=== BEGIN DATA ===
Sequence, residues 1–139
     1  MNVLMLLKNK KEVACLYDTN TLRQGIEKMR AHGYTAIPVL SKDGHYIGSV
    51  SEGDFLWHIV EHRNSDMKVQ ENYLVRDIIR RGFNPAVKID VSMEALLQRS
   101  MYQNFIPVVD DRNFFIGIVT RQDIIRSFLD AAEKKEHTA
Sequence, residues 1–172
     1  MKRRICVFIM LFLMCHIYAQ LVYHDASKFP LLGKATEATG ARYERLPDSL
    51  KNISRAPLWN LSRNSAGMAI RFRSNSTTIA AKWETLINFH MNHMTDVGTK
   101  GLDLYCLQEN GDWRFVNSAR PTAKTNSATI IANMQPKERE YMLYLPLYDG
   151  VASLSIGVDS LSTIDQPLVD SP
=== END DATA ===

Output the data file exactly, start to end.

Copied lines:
Sequence, residues 1–139
     1  MNVLMLLKNK KEVACLYDTN TLRQGIEKMR AHGYTAIPVL SKDGHYIGSV
    51  SEGDFLWHIV EHRNSDMKVQ ENYLVRDIIR RGFNPAVKID VSMEALLQRS
   101  MYQNFIPVVD DRNFFIGIVT RQDIIRSFLD AAEKKEHTA
Sequence, residues 1–172
     1  MKRRICVFIM LFLMCHIYAQ LVYHDASKFP LLGKATEATG ARYERLPDSL
    51  KNISRAPLWN LSRNSAGMAI RFRSNSTTIA AKWETLINFH MNHMTDVGTK
   101  GLDLYCLQEN GDWRFVNSAR PTAKTNSATI IANMQPKERE YMLYLPLYDG
   151  VASLSIGVDS LSTIDQPLVD SP